For the SAW sensors, nanoporous carbon with a middling density turns out to be best. Only three grams of such nanoporous carbon has as much surface area as a football field, yet is rigid enough to work for SAW sensors.
To extend the parachute metaphor, nanoporous carbon is like Velcro, capturing every ball that touches the parachute. Siegal said, “The first time we applied the carbon coating, it turned out to be a thousand times better than any organic coating that Sandia, or anyone else, had ever studied to adsorb volatile chemicals.”
Mowry added, “The winning combination was teaming up with Siegal and his nanoporous carbon coatings and using larger, almost retro SAW devices.” For SAW devices — and for most electronics — smaller is better and newer. At the time, Sandia’s newest and smallest SAWs used higher frequency vibrations with more advanced microelectronics. However, they were also more expensive, harder to make and less reliable. Using larger devices, roughly the dimensions of a Tic Tac, that were state-of-the-art in the ’90s, it was easy to apply the nanoporous carbon coating — which increased the sensitivity a thousand times more than decreasing the size — and dramatically decreased the cost of the device.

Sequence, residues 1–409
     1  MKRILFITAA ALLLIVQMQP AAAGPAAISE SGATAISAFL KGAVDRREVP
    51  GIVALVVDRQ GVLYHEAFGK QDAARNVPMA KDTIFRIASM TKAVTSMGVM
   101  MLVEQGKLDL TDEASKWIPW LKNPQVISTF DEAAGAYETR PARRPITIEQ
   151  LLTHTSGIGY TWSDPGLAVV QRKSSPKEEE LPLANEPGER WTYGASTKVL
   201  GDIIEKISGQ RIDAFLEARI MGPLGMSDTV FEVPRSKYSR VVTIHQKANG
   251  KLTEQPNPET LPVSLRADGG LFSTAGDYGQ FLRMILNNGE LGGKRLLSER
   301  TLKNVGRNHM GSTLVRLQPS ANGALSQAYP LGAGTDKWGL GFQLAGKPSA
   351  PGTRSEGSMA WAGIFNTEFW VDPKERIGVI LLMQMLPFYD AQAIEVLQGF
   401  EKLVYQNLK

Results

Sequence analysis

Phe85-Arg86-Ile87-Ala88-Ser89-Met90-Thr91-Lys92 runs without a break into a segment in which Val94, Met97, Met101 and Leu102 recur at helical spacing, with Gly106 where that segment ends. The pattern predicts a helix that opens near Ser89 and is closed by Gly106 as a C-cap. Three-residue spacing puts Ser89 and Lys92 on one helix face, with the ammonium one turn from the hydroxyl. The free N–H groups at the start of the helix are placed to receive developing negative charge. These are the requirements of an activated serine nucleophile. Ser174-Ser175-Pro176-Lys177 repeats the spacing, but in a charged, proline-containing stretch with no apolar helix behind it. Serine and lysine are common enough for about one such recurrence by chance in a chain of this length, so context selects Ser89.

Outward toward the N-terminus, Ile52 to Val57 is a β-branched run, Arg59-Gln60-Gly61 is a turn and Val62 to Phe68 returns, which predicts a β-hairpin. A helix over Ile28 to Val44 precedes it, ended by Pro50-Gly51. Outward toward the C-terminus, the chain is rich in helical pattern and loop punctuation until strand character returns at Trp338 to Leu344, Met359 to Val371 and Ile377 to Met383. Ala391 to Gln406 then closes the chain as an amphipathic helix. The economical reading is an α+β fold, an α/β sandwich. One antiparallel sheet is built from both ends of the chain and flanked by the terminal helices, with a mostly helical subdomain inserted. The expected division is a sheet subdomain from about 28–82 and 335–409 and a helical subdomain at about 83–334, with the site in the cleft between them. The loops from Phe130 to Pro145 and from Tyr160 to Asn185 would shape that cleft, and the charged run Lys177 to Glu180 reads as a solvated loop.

The journey from basic science to commercial product for the public good
The journey began in 2002, building on years of chemical sensor research and development. Mowry was trying to develop a sensor to detect volatile organic contaminants, such as chemicals from an industrial spill or leaks, in water. His presentation at a water quality conference caught the eye of a Parker Hannifin engineer and led to the partnership in 2006.
It took several years to cross the “valley of death” from promising research to commercial product, but by 2011 Parker Hannifin released its first Trihalomethane Water Analyzer. The second, online version of the analyzer can automatically monitor individual trihalomethane levels every hour. Parker Hannifin has more dedicated trihalomethane analyzers installed in North America than any other company.
Other potential uses for nanoporous carbon coated SAW sensors include detecting homemade explosives, contaminants in air and water and almost any volatile or semi-volatile organic compound, said Mowry.
Additionally, Siegal and others are exploring using nanoporous carbon for battery anodes. Siegal and Sandia Labs colleague Graham Yelton demonstrated the first steps toward viable magnesium ion batteries, which would be more energy dense than lithium ion batteries. Higher energy density batteries could lead to electric cars that can go farther, longer lasting cellphone batteries, even satellites with longer missions. Sandia researcher Katie Harrison and Siegal have continued the work by adding silicon to lithium-ion battery anodes, which could potentially triple their energy storage density.
The initial and follow-up work by Siegal, Mowry and their teams was funded by Sandia’s Laboratory Directed Research and Development program.